Content Marketing StrategyCredit: Dreamstime Stock Photos & Stock Free ImagesYou've probably heard of learning styles before. The essence of it is that your individual learning style guides the way you learn. Some people prefer sound and music, while others prefer logic and systems. Some people favor visual images, while others like to use their body and sense of touch to gather information.

While it may not be possible to appeal to all learning styles on the web, it is possible to extend your reach by incorporating all of the following mediums in your content marketing strategy. By leveraging blogging, podcasting and video, you can appeal to more people who like to consume content in specific ways.


Search engines love blogs because they are keyword rich. Every time you write about your niche or industry, you can develop a rapport with your audience and increase your authority on that subject.

One note of caution: you shouldn't write just for the sake of search engine rankings. It's always a good idea to target your keywords in your title and text, but it's just as important - if not more important - to make your posts readable by real human beings as well. If your posts can't be deciphered by a human being, then you actually risk being penalized by search engines.

Not to say that you can't appeal to people with other learning styles, but blog posts generally appeal to people who like to absorb information by reading. In case a portion of your audience is hearing impaired, it's also a matter of accessibility.


Your blog will make you more visible on Google. Meanwhile, your podcast will make you more visible on iTunes. There are hundreds of millions of bloggers in North America already, but only hundreds of thousands of podcasters[1]. This means that there's still a lot of room for newcomers.

Podcasting does tend to require more time and effort than blogging. If you're the type of person to publish three to five blog posts in a week, you definitely wouldn't want to make more than a weekly or bi-weekly commitment to releasing podcast episodes. Even monthly releases can be effective so long as you are consistently producing other types of content.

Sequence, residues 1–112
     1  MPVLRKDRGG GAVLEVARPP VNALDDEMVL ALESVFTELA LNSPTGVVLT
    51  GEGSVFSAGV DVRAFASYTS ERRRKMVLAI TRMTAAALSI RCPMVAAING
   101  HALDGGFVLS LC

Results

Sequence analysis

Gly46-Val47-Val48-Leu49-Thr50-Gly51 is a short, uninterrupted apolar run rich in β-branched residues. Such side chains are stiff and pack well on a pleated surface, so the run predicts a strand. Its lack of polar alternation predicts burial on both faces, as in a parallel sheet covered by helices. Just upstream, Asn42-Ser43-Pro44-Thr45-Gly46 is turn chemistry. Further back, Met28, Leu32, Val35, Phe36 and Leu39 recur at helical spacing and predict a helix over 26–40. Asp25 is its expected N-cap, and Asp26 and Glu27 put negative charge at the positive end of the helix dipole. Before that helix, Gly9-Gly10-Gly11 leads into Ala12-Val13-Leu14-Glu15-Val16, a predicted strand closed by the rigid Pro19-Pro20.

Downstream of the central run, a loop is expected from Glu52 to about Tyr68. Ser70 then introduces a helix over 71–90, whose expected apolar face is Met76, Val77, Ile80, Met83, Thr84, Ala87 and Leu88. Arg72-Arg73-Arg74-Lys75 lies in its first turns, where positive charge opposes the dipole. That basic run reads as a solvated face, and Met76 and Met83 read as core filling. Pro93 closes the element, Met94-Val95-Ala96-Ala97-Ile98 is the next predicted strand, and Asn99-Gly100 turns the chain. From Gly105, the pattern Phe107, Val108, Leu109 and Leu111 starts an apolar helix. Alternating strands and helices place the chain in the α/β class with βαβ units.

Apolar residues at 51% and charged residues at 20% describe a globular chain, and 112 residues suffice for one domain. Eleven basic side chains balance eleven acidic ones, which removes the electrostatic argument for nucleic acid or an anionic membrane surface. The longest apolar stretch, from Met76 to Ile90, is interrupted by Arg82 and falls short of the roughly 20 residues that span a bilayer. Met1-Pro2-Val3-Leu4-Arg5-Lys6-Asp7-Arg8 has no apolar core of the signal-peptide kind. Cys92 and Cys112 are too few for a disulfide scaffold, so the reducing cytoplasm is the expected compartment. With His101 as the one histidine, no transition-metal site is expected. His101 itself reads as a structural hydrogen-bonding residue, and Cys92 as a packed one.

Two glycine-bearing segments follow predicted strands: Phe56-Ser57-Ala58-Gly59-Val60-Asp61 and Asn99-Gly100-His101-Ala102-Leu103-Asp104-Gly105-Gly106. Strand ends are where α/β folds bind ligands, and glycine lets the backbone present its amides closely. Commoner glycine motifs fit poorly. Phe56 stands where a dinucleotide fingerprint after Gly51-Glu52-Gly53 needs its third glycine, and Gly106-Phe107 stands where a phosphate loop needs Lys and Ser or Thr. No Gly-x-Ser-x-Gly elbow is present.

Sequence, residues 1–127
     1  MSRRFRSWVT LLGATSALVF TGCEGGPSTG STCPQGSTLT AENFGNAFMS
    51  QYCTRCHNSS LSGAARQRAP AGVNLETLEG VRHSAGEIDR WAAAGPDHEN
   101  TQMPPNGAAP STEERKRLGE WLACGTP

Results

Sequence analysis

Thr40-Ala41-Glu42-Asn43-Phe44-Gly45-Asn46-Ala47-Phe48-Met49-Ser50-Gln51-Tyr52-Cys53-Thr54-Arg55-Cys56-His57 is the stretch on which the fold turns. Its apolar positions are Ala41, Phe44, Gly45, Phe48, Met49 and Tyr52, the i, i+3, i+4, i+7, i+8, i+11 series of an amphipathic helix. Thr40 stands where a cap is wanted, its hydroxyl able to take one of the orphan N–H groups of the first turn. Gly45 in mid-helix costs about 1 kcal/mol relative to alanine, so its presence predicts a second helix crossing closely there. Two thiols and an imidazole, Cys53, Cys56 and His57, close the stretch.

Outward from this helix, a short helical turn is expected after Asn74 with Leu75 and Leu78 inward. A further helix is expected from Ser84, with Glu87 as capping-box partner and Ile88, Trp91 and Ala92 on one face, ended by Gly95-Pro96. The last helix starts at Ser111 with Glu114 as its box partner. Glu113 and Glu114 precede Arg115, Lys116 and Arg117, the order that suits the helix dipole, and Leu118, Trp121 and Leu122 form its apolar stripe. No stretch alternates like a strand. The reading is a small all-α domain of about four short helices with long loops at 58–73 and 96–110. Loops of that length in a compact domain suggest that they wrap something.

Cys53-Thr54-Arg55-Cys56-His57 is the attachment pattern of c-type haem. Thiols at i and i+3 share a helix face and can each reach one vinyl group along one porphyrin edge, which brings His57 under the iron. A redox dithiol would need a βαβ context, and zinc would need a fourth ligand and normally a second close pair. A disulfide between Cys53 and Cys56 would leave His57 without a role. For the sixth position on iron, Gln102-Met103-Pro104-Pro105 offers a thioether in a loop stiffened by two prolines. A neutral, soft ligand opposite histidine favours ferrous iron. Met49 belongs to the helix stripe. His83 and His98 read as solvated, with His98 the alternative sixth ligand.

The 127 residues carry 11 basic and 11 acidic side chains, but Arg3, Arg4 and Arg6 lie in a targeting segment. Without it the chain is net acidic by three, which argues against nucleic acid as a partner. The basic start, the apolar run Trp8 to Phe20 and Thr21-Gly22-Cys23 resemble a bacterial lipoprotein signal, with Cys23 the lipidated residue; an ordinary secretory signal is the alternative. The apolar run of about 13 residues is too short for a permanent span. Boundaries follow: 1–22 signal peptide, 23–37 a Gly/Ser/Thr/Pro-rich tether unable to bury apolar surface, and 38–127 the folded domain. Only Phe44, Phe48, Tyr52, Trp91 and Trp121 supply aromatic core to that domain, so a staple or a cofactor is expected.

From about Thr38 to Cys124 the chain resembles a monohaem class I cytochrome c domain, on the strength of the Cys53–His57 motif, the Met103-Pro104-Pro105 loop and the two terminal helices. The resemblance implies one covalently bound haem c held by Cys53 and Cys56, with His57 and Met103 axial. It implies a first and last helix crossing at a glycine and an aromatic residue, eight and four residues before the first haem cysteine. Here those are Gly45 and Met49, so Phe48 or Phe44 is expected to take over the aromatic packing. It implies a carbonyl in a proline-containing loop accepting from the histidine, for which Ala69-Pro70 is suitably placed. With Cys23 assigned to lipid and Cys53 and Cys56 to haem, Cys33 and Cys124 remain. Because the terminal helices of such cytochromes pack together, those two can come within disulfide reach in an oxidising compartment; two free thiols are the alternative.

While you certainly can create personal relationship through blogging, podcasting is more immediate. People can hear your tone of voice and inflection, and every time you release a new episode they will be investing anywhere from 30 to 60 minutes with you - if not more - depending on the length of your episodes. It's a powerful relationship building tool. Your listeners will really get a sense of who you are and what you're about.

Podcasts are great for auditory listeners, but you can also leverage your podcast content by getting your episodes transcribed (industry standard rate is $1 per minute), then publishing the transcripts as blog posts or PDFs. This will be added value to those who want to follow along with your show, or those who would prefer to consume the content by reading it.


If people can already find you on Google and iTunes, where else should you be? Why not make yourself discoverable on the second most used search engine on the planet: YouTube!

By the time you've committed to publishing blog posts and podcast episodes on a regular basis, adding one more thing may seem like a huge commitment. If it feels overwhelming, then take the time to plan it all out. Take your schedule and carve out blocks of time for each task. Establish a regular schedule for each piece of content, even if your output is relatively small at first.

The best policy is always consistency, even on YouTube. If you can make weekly uploads, that is ideal. However, that isn't always possible when you're keeping a regular publishing schedule for a blog and a podcast. Begin by producing one video a month, and as you become more comfortable with producing and editing video, increase your frequency.

Video is great for visual learners and is somewhat unique in that it can be easily re-purposed in two ways: 1) you can get your videos transcribed and publish them as blog posts, and 2) you can take the audio and use it within a podcast episode. The ideal situation is to create unique content across your different streams of output, but hopefully you're beginning to see how you can take each piece of content you create and rework it to fit with other mediums.